I've been spending a lot of time lately with publishers, technology providers and others talking about the state of data-driven marketing these days. And from what I can tell, the collective sentiment is... "meh!"
Now don't get me wrong: most people in our business are impressed by the talent and technology that are pushing data-driven marketing forward. But when measured against the incessant hype (Really? The Holy Grail? Really?) the whole thing feels a little less than whole. It's like we've paid top dollar to watch a concert but instead ended up at Karaoke night at the local watering hole: all the lyrics are the same, but the pitch is off and the dude just doesn't have the pipes to sing this song!
This week's Drift is proudly underwritten by PubMatic. With PubMatic's platform, publishers have the ability to offer their inventory to over 400 global Demand Partners - ad networks, demand side platforms, ad exchanges, and agency trading desks - and have on demand access to all the software, tools and services they need to realize the full potential of their digital assets.
While I love a good bubble as much as the next guy, I feel like there are a few things lacking in today's data gold rush:
Overreliance on Retargeting: Stalking the consumer with his unfinished purchase after he leaves a retail site is a neat trick that solves a big problem for merchants, but I've heard that an overwhelming percentage of ad tech and data dollars are aimed at doing only this one thing.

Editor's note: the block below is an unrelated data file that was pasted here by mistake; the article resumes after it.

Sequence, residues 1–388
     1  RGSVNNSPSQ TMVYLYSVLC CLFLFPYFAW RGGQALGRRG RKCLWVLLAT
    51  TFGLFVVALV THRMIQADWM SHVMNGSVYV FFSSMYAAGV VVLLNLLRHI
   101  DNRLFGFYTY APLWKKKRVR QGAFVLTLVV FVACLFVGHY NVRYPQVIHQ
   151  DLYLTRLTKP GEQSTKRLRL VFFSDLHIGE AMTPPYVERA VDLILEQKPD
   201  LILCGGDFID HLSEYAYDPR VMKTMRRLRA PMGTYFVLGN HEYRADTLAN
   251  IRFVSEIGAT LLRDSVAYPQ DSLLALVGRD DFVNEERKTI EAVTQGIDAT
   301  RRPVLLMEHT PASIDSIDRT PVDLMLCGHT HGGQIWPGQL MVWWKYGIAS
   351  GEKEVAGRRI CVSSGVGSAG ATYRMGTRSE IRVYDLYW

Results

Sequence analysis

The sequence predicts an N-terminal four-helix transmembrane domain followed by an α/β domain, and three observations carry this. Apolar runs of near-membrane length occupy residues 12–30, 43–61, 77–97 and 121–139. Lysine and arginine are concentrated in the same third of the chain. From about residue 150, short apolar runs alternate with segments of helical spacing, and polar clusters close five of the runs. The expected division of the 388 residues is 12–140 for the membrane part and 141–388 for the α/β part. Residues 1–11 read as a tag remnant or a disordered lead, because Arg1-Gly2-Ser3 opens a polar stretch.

Quality and Recency of the Data: When the data market is hot, we don't ask how the sausage is made. But when you squint and look hard at all the third party data that's flying around, it doesn't look so appetizing. First party data is just better than warmed over assumptions and projection. If it wasn't, it wouldn't command such a premium in dollars and attention.
Viewability and Fraud: I once dismissed the viewability issue, but later had my own personal "road to Tarsus" moment of clarity. There's just too much bad stuff still going on in the big open exchanges. Reputable publishers may fix their page designs and agree to standards, but they were never the problem in the first place. We can try to sanitize the public markets, but at some point there has to be a conversation about what inventory should even be in play.
Cross Platform Anyone? The dirty little secret behind this whole frothy business is the cookie, and the cookie doesn't travel well. I may be writing this on a computer and posting it on the web, but you're more than likely seeing it on a mobile device. Nuff said.
There are lots of white hats out there, and under those white hats are busy brains. These are the individuals and companies who are figuring out how to harness first party data and high-quality inventory into the automated ad buying and placement business. These are the settlers who come in after the gold rush and build thriving, vital cities. Because nobody needs another post bubble ghost town. Or another Karaoke bar.
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